to breakdown over time and, therefore, must be
carefully designed.
Solid

lipid nanoparticles
Solid lipid nanoparticle (SLN) suspensions are
similar to emulsions or nanoemulsions since they
contain surfactant-coated lipid droplets dispersed
within an aqueous medium [10] . However, the
lipid phase in SLN is either fully or partially solidified, which may be useful for protecting chemically labile ingredients from chemical degradation
during storage.
Multilayer

emulsions
The functional performance of colloidal dispersions can often be extended by forming nano
laminated coatings around the particles [11] . This
is usually carried out using a layer-by-layer electrostatic deposition method; for example, a core
particle can be coated by depositing successive layers of cationic and anionic polymers. This method
has been used to control the digestion and release
of lipophilic components under GI conditions [11] .
Multiple emulsions
Water-in-oil-in-water (w1/o/w2) emulsions consist of small water droplets contained within
larger oil droplets dispersed within an aqueous
medium [12] . Multiple emulsions can be used to
encapsulate hydrophilic components within the
inner water phase (w1), which may be useful if
a system contains two hydrophilic components
that would normally adversely interact with each
other, or for taste masking of bitter bioactive
components.

...nutraceuticals are typically consumed at


relatively low levels as part of a complex diet
over extended periods of time and, therefore, it
is often difficult to establish a link between the
amount of nutraceutical consumed and a
particular disease.
Biopolymer

particles
This kind of delivery system consists of
nutraceutical components trapped within a
biopolymer particle that is dispersed within an
future science group

Edible delivery systems for nutraceuticals: designing functional foods for improved health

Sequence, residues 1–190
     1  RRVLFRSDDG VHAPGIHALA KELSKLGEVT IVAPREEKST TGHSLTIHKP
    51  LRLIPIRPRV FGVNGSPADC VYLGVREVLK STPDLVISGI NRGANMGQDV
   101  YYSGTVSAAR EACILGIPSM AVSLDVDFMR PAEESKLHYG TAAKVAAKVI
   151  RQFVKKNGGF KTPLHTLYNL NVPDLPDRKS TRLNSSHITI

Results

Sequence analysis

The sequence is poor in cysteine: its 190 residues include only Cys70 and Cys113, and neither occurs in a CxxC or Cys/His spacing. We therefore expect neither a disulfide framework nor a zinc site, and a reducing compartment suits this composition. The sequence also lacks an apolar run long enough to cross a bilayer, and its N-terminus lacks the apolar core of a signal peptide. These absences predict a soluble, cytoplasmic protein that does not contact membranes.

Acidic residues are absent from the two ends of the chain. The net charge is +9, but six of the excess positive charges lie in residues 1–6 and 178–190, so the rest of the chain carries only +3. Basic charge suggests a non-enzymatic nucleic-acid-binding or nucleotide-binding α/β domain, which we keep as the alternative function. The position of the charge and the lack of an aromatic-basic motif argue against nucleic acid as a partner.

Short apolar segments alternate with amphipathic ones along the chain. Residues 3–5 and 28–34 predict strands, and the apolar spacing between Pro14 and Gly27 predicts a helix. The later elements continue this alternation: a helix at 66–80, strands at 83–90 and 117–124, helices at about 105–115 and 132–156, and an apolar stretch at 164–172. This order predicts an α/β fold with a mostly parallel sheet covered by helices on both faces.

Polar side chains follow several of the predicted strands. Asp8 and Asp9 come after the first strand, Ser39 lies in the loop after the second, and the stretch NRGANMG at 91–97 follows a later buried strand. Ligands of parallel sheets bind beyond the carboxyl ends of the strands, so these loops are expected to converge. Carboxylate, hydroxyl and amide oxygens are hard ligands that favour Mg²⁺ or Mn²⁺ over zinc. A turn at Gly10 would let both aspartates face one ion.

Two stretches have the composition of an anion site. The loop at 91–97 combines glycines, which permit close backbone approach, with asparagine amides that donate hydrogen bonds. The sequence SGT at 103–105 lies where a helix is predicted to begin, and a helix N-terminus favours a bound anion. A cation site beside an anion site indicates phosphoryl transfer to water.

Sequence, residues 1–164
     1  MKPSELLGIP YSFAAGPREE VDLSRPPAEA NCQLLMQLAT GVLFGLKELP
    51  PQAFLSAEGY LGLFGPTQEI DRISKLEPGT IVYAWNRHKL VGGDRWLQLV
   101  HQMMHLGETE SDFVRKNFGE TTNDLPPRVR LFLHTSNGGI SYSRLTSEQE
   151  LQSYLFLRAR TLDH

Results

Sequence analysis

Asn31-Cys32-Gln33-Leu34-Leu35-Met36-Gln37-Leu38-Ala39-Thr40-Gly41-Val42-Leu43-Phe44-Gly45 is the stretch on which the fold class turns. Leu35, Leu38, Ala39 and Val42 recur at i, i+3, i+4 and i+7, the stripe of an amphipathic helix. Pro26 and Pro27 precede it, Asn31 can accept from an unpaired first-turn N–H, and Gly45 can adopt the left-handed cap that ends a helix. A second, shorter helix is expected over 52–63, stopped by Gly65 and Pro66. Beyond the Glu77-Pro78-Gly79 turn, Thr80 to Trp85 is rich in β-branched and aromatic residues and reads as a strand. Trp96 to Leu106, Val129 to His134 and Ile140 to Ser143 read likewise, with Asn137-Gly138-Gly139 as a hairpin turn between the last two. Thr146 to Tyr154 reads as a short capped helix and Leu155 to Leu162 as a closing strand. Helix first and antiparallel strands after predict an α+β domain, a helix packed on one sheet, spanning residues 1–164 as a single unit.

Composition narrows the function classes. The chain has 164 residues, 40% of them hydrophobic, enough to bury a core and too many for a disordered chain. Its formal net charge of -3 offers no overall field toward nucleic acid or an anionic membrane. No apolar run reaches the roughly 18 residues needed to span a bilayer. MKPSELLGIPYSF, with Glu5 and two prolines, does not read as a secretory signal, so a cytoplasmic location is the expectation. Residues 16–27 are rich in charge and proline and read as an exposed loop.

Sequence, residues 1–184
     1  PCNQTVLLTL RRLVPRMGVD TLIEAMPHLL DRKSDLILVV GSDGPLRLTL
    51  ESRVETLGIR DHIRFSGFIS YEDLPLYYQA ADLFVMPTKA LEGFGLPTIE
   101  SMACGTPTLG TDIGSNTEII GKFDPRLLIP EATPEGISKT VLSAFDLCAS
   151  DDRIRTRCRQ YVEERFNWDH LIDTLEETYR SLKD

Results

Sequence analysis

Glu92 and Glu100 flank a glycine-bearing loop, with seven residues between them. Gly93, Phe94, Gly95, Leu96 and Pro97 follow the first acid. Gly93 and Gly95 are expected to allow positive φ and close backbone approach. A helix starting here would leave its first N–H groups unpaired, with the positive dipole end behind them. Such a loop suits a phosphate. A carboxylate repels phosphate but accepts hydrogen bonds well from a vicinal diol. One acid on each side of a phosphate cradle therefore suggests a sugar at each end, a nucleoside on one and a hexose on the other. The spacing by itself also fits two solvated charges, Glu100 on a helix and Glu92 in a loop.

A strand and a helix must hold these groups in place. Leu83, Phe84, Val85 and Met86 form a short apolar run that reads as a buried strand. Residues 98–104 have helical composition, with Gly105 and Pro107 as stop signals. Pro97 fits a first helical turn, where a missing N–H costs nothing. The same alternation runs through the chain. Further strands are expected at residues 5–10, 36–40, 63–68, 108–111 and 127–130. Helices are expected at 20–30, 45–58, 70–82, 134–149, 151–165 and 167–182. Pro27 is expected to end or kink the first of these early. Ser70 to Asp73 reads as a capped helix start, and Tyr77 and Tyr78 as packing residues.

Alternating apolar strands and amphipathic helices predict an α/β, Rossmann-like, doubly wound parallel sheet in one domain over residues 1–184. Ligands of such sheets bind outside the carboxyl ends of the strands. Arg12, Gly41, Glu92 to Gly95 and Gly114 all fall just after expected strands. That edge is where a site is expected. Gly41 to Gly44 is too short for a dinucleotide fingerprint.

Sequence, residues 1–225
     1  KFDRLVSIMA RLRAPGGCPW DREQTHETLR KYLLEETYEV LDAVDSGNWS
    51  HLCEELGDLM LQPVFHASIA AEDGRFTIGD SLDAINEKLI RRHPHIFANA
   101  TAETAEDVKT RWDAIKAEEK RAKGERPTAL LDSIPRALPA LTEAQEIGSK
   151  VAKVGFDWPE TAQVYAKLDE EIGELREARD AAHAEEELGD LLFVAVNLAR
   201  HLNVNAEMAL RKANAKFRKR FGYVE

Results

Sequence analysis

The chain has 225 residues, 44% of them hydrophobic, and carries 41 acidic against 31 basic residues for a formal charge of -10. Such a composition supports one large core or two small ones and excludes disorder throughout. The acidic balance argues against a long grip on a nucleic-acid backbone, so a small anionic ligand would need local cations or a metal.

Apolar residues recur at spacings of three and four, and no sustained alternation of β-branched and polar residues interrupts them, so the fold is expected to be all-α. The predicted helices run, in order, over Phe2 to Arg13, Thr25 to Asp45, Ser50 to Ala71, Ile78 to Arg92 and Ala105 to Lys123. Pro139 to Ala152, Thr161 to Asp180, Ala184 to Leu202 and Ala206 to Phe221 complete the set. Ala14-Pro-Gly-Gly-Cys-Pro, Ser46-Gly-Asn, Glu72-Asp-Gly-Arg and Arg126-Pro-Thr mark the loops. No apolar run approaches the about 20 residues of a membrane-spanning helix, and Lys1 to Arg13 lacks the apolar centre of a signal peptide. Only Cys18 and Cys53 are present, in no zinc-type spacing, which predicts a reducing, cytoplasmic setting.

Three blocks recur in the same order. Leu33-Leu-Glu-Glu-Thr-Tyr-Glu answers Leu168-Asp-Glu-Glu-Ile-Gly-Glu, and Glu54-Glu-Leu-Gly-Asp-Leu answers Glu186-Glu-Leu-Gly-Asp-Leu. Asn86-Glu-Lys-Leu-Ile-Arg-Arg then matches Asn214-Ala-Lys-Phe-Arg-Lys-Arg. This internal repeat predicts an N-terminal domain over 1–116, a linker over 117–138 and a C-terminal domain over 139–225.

aqueous medium [13] . Biopolymer particles can
be fabricated from proteins and polysaccharides
using a variety of methods, including extrusion,
emulsion-templating, coacervation, anti-solvent
and thermodynamic incompatibility approaches.
The potential of many of these delivery
systems for encapsulating, protecting and
releasing hydrophobic nutraceuticals has been
demonstrated in laboratory studies, but not
in real commercial applications. Some of the
methods currently used to fabricate delivery
systems are unlikely to be economically feasible
for large-scale production of edible delivery
systems. Many previous studies have not
demonstrated that the delivery systems produced
can be successfully incorporated into real
food products without adversely altering their
desirable properties, nor have they demonstrated
that the bioavailability of a nutraceutical is
maintained after encapsulation.
Future challenges for functional foods
The development of nutraceutical delivery
systems within the food industry faces a number
of technical, legal and commercial challenges
that must be overcome before they can be
successfully used to prevent chronic diseases.
A major challenge for the food industry is
proving the efficacy of specific nutraceutical
components at inhibiting the progression of
particular diseases. Pharmaceutical agents
can be administered in well-defined doses at
specific times, which enable researchers to carry
out studies to establish their efficacy against
specific disease symptoms or biomarkers. In
contrast, nutraceuticals are typically consumed
at relatively low levels as part of a complex diet
References
1

McClements DJ, Decker EA, Park Y, Weiss J.


Structural design principles for delivery of